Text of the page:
The Witcher series

Shadyside

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Can someone tell me what The Witcher series is all about? Despite how popular and successful it is, I really don't see people talk about the story or anything about it, unlike other franchises where people can write out essays long after its been released. Is there an overarching narrative? Or is it just about a monster slayer fixing the problems of other characters?
 

Bob_McMillan

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The Witcher games are basically fan fiction of the Witcher books. And while yeah there were hints of an overarching narrative (ice elves from another world are invading), from what I know the three games barely overlap. You can kind of tell they were never quite sure what they wanted to do with the series. The Witcher 3, the only game I have played extensively in the series, shines more in it's side quests. The main story is probably the worst thing about the game. It doesn't help that the games all have multiple possible endings.

Also, more people probably played TW3 than TW1 and 2 combined. So that's why you don't really hear people talking about the games' story.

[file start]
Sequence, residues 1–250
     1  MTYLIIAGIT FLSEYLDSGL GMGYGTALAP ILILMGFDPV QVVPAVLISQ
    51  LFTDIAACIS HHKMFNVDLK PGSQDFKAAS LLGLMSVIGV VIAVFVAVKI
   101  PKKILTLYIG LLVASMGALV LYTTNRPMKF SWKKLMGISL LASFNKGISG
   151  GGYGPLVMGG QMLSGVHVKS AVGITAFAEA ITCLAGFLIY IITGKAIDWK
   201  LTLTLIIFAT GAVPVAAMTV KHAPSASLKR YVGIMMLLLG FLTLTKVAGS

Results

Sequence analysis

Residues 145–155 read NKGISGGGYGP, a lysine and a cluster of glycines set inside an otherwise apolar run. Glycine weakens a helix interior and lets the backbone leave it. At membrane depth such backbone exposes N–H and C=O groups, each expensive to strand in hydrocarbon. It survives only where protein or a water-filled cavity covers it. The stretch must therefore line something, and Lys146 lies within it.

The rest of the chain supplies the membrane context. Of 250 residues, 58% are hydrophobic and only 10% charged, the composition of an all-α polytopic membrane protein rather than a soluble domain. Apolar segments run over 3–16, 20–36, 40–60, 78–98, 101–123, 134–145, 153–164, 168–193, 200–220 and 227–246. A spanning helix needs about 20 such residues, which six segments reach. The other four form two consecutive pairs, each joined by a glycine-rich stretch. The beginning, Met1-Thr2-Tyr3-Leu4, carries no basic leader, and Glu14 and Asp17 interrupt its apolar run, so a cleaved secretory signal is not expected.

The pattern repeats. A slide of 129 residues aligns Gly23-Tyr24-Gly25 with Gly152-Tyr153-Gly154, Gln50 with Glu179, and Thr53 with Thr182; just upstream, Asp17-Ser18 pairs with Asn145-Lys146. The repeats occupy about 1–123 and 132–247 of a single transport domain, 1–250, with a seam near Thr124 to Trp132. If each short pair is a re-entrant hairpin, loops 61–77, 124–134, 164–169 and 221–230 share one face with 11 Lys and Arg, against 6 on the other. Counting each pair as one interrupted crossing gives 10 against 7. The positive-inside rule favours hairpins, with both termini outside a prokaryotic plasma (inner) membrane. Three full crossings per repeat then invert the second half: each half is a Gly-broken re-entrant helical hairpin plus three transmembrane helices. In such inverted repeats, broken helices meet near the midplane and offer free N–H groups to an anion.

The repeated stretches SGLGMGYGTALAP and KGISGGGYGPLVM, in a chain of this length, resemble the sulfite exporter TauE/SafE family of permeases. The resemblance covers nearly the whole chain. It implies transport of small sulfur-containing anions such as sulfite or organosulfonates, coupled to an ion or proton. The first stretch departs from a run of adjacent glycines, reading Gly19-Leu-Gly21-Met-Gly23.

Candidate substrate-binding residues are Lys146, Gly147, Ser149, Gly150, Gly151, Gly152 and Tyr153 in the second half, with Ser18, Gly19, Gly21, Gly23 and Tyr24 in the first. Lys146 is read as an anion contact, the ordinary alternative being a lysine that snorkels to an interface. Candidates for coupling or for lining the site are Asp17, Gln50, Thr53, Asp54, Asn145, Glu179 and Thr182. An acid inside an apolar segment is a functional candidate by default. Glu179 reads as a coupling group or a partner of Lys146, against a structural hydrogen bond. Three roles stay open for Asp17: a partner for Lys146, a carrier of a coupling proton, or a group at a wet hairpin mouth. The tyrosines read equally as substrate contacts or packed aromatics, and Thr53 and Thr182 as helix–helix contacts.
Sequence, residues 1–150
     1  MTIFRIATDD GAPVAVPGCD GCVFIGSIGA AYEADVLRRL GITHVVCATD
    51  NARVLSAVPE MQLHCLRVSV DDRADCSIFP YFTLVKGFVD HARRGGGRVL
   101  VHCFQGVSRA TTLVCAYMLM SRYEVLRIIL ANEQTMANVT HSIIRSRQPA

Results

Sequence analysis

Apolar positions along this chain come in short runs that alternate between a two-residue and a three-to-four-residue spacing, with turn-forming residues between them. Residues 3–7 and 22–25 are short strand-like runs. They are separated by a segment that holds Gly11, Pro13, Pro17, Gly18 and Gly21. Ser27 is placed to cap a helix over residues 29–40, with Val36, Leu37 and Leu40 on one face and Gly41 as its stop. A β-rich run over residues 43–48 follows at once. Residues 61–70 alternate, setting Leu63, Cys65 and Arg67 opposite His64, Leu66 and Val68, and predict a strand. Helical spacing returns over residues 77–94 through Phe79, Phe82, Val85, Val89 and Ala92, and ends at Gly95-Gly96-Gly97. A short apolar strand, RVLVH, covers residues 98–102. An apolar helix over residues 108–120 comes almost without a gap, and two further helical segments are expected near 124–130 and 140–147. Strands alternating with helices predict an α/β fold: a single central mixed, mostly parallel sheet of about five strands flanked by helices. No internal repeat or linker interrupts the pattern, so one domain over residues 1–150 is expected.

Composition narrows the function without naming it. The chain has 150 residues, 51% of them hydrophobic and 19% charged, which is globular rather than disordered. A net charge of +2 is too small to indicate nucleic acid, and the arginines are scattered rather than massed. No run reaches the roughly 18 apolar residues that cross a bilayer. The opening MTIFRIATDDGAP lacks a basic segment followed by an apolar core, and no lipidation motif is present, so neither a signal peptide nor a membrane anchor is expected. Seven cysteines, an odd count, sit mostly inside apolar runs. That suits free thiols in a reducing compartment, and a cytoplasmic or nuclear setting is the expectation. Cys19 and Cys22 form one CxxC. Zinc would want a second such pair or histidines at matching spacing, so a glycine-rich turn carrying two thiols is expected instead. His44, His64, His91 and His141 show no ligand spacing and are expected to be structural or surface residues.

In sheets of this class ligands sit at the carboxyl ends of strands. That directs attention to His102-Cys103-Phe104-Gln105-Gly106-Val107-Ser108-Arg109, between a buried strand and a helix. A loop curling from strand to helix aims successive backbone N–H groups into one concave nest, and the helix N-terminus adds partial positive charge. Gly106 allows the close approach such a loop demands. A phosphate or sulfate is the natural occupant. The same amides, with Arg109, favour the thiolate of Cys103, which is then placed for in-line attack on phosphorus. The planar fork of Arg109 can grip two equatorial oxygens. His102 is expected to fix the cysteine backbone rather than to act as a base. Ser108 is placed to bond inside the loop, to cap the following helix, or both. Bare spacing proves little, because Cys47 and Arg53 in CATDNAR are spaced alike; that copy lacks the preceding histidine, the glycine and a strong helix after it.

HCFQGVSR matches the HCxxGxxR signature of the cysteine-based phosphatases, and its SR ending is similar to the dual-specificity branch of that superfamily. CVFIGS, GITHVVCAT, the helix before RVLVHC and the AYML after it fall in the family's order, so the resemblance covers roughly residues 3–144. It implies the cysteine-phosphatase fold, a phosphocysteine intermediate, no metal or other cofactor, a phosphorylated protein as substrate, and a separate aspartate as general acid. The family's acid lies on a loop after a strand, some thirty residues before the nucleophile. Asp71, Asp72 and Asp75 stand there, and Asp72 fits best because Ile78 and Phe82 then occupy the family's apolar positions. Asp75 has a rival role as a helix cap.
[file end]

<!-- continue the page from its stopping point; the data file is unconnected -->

Short summary of the games: Geralt, the witcher, is presumed dead at the end of the books but shows up again with his memory erased. He goes up against an anti-magic faction and kills their leader. However, anti-magic sentiment still lingers.

After while, Geralt gets caught up in a scheme to assassinate the kings of the land, a plot concocted by the "evil" faction from the south. Lots of kings die till a conference is called where the sorcerers (who manipulate the world behind the scenes) try to mediate the peace. Turns out one of them conspired to help kill the kings the sorcerers didn't like. So there's a huge battle and tons of people die.

In the Witcher 3, its just all out North vs South with Geralt reuniting with Ciri, his "child" from the books, and Yennefer. In the end Ciri manages to save the world from an icy apocalypse.
 
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hanselthecaretaker

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Can someone tell me what The Witcher series is all about? Despite how popular and successful it is, I really don't see people talk about the story or anything about it, unlike other franchises where people can write out essays long after its been released. Is there an overarching narrative? Or is it just about a monster slayer fixing the problems of other characters?

As mentioned above, they’re a pseudo continuation of the Polish novels in game form. There’s a lot of subplots involving issues of race, class, political, etc. struggles. Each of the games have their strengths and weaknesses, where each subsequent is also generally a big jump in overall quality. I’ve enjoyed playing all three for different reasons:

1 has the best quest design, atmosphere, progression and inventory system to me as a PC player, but the game engine and combat are...dated is the most polite way to put it.